Good move on ag committee

Published 8:33 pm Wednesday, September 25, 2019

The City Council recently approved the reinstatement of a committee that never should have fallen by the wayside in the first place.

Drive through most of Suffolk’s 420-some square miles, especially near harvest time, and it’s easy to see how important the agricultural community is to Suffolk.

In a city with Suffolk’s agricultural heritage that still supports 350 farmers and their operations, the agricultural committee is vital to maintaining an open line of communication directly from the folks driving the tractors to the council members’ ears.

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The first thing that comes to mind regarding the agricultural community, in an increasingly urban city like Suffolk, is to lament that the city is losing farmland to development. And while it’s true that there is less farmland in Suffolk than there used to be, that’s not the only consideration.

Those 350 farmers are supporting innumerable employees, and ancillary businesses and their employees, totaling millions in economic impact every year. The business of farming is vital to our city, for more than just the food farms produce.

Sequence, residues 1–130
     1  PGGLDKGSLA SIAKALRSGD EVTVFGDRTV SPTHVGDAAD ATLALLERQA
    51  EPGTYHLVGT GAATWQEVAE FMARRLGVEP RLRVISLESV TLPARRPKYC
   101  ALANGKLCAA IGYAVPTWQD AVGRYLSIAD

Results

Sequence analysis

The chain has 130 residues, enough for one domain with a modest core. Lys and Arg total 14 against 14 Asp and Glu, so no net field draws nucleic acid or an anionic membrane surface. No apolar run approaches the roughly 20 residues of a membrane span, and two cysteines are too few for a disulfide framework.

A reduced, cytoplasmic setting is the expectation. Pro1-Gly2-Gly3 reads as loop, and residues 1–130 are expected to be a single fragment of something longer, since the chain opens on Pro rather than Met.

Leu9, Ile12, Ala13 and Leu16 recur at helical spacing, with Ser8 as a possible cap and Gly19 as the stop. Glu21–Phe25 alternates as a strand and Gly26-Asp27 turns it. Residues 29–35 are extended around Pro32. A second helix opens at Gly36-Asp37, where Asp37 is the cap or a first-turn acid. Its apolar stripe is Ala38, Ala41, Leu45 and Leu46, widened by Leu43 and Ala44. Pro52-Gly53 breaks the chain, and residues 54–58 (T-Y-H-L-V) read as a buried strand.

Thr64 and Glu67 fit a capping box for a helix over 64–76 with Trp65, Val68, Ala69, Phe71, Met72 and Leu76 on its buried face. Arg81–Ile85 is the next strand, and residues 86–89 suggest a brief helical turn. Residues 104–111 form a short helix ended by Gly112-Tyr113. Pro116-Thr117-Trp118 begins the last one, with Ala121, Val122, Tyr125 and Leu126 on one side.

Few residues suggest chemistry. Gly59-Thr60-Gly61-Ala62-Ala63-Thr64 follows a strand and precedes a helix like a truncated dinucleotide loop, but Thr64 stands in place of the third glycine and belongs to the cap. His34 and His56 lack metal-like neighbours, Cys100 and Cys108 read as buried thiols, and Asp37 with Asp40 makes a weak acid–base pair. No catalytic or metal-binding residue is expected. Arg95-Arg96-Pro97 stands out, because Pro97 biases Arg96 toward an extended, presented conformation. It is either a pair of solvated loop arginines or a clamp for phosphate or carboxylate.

Farms are adapting their business models in today’s environment. No longer do farmers simply sell the meat, fruits, vegetables and grains raised on their farms to brokers and processors. Today’s farm might have a subscription service for its produce, sell non-food items like soaps, crafts, fiber and leather made on the farm, teach classes, offer a bed-and-breakfast or pumpkin patch, or even rent out a picturesque barn for weddings and other events.

In other words, the business of farming is constantly evolving, and there’s nobody better than farmers to keep up with all of the changes.

This committee will be advising City Council on how to promote farming and all of these various activities and businesses to enhance the economic vitality of the city. They’ll also recommend policies to enhance and protect all farming activities and aid in addressing new challenges in agriculture.

That’s all in addition to helping preserve the city’s agricultural heritage.

We think the agricultural committee is one that absolutely should be in place for the good of our city.

The next step for City Council will be actually taking the thoughts and recommendations of its agricultural committee to heart. We hope waiting for that to happen won’t be as boring as watching alfalfa grow.